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Having got an excellent answer to my last question: Improving Efficiency of my SQL (thanks @Bohemian) I have now realised I was a little short-sighted as there is an added complication.

Using the same table LIKES (likeID,userID,objectID,likeDate) the idea is that a person earns 1 point each time someone likes an object after they have liked it.

With the help from the previous question I can get the number of likes after a users like but now I need to consider that there are objects in this problem.

I want to be able to calculate the number of points a user is entitled to by counting the likes made after theirs for each object they liked (oooh that was a messy sentence).

I am considering a further "nesting" of SQL but this is out of my league and so I can't really offer any code other than what's in the last question.

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Please add the SQL you're currently using. –  John M. Feb 7 '13 at 14:10

1 Answer 1

up vote 0 down vote accepted

You can do this with a correlated subquery:

select l.userid, l.objectid, l.LikeDate,
       (select count(*) from likes l2 where l2.objectid = l.objectid and l2.LikeDate >= l.likeDate and l2.userid <> l.userid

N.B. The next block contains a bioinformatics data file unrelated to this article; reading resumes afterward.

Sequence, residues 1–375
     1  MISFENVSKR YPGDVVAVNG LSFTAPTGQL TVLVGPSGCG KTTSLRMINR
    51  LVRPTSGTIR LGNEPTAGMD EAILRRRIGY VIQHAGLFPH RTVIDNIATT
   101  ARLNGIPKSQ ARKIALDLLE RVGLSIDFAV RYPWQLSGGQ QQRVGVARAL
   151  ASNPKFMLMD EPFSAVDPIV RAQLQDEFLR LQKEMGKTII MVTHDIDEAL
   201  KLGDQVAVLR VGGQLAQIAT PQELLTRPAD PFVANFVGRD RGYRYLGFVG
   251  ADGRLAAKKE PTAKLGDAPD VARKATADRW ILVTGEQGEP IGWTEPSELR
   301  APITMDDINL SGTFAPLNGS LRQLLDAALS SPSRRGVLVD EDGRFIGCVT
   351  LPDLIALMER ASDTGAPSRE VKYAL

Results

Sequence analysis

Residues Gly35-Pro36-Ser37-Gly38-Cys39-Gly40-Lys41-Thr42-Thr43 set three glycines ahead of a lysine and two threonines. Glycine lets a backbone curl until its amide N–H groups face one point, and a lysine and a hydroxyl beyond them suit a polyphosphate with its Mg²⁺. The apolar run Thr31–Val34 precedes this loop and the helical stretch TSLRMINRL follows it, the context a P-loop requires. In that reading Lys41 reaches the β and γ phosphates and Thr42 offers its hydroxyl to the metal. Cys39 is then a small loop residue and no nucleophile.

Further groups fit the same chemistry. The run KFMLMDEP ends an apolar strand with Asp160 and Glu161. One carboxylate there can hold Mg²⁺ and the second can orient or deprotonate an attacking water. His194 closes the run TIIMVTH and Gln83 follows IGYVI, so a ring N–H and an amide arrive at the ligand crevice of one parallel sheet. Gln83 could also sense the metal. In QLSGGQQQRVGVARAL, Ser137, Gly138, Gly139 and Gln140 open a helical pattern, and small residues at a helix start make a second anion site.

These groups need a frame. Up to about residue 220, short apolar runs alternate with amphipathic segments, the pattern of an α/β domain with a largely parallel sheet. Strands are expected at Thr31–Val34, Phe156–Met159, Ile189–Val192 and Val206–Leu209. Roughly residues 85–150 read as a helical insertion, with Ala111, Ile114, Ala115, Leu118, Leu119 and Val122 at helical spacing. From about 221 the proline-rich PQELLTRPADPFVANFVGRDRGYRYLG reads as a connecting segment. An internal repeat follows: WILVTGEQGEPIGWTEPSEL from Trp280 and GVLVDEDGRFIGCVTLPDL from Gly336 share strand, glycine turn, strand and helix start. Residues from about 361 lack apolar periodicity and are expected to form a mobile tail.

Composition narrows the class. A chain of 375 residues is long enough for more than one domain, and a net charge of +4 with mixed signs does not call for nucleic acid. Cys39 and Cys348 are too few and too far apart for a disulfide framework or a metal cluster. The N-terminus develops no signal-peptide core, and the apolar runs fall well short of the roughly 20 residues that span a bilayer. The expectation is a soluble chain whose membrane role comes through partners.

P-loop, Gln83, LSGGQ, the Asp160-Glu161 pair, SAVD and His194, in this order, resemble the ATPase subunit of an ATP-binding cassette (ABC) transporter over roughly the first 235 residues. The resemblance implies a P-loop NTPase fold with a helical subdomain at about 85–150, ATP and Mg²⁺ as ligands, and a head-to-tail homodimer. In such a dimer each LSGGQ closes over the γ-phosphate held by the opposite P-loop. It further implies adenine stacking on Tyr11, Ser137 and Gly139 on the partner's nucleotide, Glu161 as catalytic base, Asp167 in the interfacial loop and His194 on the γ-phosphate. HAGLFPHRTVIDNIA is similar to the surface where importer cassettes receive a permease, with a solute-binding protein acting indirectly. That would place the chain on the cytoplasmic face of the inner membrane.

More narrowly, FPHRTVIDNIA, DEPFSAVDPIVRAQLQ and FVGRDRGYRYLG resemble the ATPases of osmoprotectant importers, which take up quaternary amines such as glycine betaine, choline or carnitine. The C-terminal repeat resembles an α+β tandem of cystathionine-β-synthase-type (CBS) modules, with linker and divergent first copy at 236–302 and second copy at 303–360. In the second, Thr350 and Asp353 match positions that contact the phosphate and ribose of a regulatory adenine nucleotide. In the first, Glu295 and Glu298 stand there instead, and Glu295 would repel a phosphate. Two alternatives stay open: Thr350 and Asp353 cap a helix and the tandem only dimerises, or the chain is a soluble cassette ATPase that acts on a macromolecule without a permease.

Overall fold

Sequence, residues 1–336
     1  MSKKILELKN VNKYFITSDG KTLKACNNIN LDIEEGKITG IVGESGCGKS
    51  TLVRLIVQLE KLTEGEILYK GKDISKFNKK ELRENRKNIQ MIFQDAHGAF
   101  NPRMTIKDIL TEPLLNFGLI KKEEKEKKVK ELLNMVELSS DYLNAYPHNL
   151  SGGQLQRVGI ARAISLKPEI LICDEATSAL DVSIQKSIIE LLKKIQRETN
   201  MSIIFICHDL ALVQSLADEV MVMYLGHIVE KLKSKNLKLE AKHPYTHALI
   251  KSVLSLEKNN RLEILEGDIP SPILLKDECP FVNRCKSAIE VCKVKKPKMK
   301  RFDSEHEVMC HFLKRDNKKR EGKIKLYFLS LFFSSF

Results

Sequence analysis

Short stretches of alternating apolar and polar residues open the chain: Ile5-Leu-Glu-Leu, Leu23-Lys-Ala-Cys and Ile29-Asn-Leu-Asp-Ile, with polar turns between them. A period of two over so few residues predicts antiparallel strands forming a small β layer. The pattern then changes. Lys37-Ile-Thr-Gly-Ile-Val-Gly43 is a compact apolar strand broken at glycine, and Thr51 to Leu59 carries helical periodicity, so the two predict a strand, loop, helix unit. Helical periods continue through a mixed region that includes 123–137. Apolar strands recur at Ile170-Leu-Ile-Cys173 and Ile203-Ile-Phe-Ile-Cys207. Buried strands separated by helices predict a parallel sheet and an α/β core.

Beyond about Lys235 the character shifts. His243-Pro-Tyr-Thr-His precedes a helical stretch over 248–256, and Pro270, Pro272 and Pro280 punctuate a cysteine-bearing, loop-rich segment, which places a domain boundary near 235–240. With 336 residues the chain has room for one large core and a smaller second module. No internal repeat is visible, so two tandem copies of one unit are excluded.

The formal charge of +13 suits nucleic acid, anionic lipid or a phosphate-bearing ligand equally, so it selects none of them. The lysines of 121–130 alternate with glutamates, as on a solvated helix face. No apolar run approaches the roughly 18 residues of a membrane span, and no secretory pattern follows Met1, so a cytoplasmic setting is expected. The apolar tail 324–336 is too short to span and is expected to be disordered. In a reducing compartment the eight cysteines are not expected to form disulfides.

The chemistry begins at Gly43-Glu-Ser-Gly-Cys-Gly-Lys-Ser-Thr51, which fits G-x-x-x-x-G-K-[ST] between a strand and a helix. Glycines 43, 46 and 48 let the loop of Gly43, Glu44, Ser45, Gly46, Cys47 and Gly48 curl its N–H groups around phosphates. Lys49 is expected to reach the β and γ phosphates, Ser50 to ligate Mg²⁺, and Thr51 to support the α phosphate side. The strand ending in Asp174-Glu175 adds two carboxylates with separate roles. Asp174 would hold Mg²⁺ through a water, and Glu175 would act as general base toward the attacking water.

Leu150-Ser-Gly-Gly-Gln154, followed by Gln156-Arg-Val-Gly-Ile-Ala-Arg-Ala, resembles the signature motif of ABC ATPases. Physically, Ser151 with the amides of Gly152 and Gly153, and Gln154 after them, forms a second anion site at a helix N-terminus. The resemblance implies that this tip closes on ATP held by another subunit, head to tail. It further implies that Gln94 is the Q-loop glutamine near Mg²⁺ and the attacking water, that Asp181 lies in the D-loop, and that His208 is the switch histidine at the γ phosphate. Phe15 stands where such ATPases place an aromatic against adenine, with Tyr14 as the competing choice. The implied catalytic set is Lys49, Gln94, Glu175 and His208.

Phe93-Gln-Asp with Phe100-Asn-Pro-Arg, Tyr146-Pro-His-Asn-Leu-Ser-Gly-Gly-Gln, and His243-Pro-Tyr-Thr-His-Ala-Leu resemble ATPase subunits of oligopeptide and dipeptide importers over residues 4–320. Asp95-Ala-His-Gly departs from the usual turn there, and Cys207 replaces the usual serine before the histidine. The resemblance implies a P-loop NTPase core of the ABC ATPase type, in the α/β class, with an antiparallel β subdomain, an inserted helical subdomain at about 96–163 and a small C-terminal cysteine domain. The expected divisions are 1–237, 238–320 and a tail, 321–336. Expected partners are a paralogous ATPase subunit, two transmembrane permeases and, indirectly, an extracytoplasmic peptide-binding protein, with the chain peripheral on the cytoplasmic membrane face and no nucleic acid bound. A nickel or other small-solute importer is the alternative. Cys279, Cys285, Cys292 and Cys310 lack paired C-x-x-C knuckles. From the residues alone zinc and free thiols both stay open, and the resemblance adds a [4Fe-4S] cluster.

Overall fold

) as NumLikesAfterward
from likes l

What this is doing is counting the number of likes on an object, by other users, after a given like. It returns one row for every row in likes. The calculation is done using a correlated subquery in the select clause.

It will run much faster assuming you have an index on likes(objectid, likedate, userid).

To get the total points for a user:

select sum(NumLikesAfterward) as TotalPoints
from (select l.userid, l.objectid, l.LikeDate,
             (select count(*) from likes l2 where l2.objectid = l.objectid and l2.LikeDate >= l.likeDate and l2.userid <> l.userid
             ) as NumLikesAfterward
      from likes l
      where userid = $userid
     ) uol
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Appreciate that - I'm gonna trial later tonight and mark as "Answer" if it works. –  tommyd456 Feb 7 '13 at 14:18
    
Ok tweaked it a little to allow for a userid to be passed into the query and as you said it returns a number of different rows. So would you recommend a simple PHP loop to get the total points? –  tommyd456 Feb 7 '13 at 16:57
    
@tommyd456 . . . No, I don't think you should do that in PHP. It is easy and appropriate to do in SQL. –  Gordon Linoff Feb 7 '13 at 17:01
    
You're a life saver - i had it working in PHP fine but I like this way more. –  tommyd456 Feb 7 '13 at 17:16
    
Just wondering whether it's better to avoid a correlated sub-query. Is it possible to use a join instead? –  tommyd456 Feb 8 '13 at 11:33

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